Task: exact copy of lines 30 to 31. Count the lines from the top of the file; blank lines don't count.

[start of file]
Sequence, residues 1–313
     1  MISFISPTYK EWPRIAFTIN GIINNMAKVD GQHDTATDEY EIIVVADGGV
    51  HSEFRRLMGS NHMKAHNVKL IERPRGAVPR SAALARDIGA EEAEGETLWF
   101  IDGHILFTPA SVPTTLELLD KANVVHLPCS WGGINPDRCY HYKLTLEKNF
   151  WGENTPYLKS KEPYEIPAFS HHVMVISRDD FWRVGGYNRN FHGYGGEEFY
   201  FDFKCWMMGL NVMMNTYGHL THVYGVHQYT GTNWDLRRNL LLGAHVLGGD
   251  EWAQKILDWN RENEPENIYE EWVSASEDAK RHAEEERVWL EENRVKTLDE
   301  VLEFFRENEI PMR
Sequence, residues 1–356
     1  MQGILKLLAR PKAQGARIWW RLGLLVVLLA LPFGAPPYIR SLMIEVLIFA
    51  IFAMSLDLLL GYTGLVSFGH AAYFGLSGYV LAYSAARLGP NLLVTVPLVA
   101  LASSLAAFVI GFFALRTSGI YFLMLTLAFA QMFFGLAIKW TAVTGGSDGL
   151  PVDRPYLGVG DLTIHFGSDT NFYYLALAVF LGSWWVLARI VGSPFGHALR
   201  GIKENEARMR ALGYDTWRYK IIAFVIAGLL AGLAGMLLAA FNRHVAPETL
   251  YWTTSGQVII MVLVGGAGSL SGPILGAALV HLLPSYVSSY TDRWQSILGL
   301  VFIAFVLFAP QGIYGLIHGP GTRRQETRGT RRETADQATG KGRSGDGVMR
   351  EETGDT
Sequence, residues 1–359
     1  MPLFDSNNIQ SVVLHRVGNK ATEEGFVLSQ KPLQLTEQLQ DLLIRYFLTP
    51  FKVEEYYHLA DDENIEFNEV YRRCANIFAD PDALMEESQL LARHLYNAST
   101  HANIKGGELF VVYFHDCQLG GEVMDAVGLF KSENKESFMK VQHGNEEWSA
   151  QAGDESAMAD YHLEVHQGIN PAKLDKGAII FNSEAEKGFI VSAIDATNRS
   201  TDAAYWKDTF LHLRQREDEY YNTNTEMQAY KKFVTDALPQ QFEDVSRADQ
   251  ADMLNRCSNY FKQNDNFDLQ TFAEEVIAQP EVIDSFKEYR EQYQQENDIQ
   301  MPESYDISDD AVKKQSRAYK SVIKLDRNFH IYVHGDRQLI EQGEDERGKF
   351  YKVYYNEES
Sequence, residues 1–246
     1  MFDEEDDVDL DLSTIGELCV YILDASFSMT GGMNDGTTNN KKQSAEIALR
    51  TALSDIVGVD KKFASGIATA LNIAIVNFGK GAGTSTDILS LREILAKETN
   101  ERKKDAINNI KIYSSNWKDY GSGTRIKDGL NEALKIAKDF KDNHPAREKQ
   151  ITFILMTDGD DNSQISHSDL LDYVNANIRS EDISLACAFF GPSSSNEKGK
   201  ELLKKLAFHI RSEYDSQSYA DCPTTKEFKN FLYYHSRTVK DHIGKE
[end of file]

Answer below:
   101  ERKKDAINNI KIYSSNWKDY GSGTRIKDGL NEALKIAKDF KDNHPAREKQ
   151  ITFILMTDGD DNSQISHSDL LDYVNANIRS EDISLACAFF GPSSSNEKGK